Teachers nationwide are under fierce pressure this fall as they work to help their students recover from an unproductive previous school year, stay alert to the possible arrival of the virus which would disrupt the all-important in-person learning – and impact their own health – and defend against the shouting that mask-wearing and critical race theory critics has produced.
One state education leader has said, right now no matter what a teacher does it’s considered villainous. That is not a mood that anyone wants to be a part of.
Providing the foundations for student success and reaching necessary student outcomes are all-important. This is no time to elect single-issue candidates to a school board.
Experience especially favors board incumbents, and newcomers have to appreciate the importance of group dynamics and creating and supporting shared directions. Delivering education is a complex undertaking. Choose talented administrators and then give them room. Do not meddle.
Even in the best of times in rural areas there are too few teachers, and in both rural and urban environments, turnover is high. Almost 50% of teachers drop out after five years. For whatever reasons teaching turned out to be a career that did not fit.
No one wants the percentages to be even higher after this school year because of forces beyond an individual’s control. And we certainly do not want to lose longer term, more experienced teachers.
Students were rightly passed along to the next grade at the end of last year’s schooling. They should not have been labeled as failing during that chaotic year. And because of the obstacles associated with online learning, in some schools there were no grades, and no testing. Right now, in October, teachers are discovering where and how deep the gaps are and considering how to fill them. For many students what is missing, and needed, is very different.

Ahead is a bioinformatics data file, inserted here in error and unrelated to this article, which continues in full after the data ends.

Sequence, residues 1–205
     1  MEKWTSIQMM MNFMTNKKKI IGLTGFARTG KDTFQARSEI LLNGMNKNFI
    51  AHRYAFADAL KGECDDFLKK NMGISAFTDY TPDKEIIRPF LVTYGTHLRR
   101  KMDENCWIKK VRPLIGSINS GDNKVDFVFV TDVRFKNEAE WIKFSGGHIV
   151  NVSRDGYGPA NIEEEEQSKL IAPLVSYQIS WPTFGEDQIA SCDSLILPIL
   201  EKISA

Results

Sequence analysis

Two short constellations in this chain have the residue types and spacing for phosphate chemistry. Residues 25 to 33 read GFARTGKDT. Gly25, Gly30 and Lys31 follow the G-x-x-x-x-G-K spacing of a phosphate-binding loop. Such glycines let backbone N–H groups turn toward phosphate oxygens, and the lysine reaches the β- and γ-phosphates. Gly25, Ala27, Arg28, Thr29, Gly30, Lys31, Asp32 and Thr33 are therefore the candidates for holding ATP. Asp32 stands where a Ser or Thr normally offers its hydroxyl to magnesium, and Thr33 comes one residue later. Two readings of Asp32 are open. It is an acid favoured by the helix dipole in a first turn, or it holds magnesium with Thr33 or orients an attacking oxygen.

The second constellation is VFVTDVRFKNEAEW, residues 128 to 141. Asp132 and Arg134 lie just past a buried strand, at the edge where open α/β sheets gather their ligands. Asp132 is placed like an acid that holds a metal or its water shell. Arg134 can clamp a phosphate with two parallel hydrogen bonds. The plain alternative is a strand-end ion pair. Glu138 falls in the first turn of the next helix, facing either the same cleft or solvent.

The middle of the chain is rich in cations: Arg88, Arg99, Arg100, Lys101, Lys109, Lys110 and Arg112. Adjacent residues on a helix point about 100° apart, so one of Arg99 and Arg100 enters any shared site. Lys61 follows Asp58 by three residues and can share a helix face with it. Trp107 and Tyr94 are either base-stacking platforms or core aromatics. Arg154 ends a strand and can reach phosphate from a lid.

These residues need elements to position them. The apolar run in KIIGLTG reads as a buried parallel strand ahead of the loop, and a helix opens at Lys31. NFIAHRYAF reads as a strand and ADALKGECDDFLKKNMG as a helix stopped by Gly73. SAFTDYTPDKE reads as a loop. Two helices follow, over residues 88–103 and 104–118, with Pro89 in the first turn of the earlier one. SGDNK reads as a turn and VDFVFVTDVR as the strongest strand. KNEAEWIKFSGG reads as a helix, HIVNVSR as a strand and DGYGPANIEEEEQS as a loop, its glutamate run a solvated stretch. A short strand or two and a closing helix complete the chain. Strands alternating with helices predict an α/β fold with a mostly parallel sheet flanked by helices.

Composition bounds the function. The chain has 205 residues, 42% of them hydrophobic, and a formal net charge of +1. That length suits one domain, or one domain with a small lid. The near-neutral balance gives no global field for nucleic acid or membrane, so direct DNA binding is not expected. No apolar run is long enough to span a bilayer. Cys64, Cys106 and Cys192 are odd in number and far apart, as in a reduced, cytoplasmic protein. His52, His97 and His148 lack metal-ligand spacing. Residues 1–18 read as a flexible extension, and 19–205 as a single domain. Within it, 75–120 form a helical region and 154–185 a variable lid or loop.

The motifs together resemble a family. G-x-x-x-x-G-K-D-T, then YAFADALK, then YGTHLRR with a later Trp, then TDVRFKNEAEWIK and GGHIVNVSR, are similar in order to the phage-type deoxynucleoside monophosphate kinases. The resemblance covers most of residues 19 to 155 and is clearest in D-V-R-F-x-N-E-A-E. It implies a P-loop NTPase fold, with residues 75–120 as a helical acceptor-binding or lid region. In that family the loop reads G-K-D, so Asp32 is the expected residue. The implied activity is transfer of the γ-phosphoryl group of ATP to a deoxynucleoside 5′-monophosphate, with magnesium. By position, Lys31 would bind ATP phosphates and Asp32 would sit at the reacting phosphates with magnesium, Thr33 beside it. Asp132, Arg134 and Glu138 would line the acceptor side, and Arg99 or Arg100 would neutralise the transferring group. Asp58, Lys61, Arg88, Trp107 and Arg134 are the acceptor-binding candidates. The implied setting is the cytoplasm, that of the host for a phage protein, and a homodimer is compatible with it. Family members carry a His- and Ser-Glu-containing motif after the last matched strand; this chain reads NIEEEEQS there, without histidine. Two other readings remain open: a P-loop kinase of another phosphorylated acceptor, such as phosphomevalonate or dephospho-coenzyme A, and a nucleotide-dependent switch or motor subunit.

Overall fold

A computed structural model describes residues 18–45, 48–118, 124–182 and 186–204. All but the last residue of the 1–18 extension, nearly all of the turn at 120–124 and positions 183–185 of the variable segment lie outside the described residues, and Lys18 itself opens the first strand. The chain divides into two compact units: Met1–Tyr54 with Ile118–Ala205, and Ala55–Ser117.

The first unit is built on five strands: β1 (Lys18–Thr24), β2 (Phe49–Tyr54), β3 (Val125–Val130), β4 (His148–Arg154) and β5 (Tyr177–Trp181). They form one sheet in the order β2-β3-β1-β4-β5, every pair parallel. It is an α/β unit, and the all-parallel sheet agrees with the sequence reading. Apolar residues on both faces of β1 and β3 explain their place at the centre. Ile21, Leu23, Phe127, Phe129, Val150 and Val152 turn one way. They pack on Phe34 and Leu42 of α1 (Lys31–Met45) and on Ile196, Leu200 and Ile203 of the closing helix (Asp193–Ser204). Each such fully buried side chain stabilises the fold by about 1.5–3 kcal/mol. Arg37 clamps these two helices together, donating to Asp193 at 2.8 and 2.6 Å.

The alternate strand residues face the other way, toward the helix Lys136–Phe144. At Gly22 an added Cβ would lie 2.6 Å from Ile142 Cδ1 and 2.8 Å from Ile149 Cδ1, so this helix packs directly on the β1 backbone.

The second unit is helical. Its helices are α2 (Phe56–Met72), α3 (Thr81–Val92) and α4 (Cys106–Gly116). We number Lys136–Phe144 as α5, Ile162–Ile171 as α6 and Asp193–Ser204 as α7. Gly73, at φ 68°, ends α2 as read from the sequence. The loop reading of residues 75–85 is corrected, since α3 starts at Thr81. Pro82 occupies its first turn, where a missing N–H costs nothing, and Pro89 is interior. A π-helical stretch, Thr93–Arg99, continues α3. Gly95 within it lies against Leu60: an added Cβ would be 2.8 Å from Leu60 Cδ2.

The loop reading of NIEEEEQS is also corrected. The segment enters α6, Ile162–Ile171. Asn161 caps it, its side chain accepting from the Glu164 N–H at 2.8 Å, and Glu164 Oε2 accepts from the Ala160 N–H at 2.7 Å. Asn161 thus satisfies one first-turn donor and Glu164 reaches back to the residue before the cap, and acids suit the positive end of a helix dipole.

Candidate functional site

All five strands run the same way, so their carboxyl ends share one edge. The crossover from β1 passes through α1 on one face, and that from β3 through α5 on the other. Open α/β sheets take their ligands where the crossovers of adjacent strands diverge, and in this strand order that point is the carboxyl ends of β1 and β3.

Substitutes to fill in for emergencies? Statewide, there aren’t enough of them. Thus teachers can find themselves filling in for others in addition to completing their regular day. There goes the one planning period that might be applied to catch-up lessons.
Masks reduce the chance of catching or spreading the virus, and when an in-person learning environment is critical, as it is, masks are needed. But teaching through a mask, and learning through a mask, has its challenges.
Teachers may not be accosted personally about masks, or the teaching of critical race theory, but they know their school board members are, and that the language in those meetings can be heated. It is uncomfortable to be in that environment, even indirectly.
This fall and winter, defend a teacher and add a compliment. Colorado and the country need them. And say no to single-issue candidates for a school board.